What is a midwife?
Midwives provide free, expert primary care to pregnant women and their new babies. All through pregnancy, labour, birth and the first six weeks of your baby’s life, you will be cared for by a small group of midwives. This continuity of care means that you are likely to know the midwife who delivers your baby.
Midwives understand that every woman is different and respected as the person who makes informed choices about their care. Together with your midwife you choose where to have your baby. Some families plan home births because they feel most safe and comfortable in their own home. Some women want to have their baby in a hospital. Midwives are part of the Ontario hospital system and attend births in most hospitals around the province. Midwives work closely with doctors and other health care professionals when needed.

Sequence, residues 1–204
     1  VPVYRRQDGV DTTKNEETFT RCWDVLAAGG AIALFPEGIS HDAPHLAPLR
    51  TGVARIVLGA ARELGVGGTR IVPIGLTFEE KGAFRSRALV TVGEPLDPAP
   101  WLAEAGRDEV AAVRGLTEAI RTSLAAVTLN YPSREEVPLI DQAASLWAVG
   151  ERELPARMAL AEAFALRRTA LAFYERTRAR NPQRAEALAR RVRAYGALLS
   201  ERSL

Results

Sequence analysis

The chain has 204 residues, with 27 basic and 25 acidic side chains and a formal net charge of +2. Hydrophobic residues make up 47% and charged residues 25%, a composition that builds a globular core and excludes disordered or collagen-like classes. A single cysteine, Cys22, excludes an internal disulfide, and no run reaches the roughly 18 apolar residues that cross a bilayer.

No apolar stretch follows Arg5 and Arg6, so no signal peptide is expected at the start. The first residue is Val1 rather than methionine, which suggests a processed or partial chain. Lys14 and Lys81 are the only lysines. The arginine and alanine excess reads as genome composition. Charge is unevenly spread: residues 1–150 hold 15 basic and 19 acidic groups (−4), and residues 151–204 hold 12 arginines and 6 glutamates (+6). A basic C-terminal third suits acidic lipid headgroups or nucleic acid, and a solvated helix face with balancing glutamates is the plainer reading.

Becoming a midwife requires going to university for four years to study normal pregnancy, labour, birth and newborn care, as well as emergency skills. Midwives trained outside of Canada qualify here through a bridging program. They are experts in providing safe, researched-based care for pregnant women and new babies. As a self-regulated profession, midwifery is governed by the College of Ontario Midwives. The professional organization, the Association of Ontario Midwives represents midwives and the profession of midwifery.
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"And from talking to friends, we got a sense of midwives as carers who empower you to make your own decisions."
Client testimonial: Emma Donoghue, writer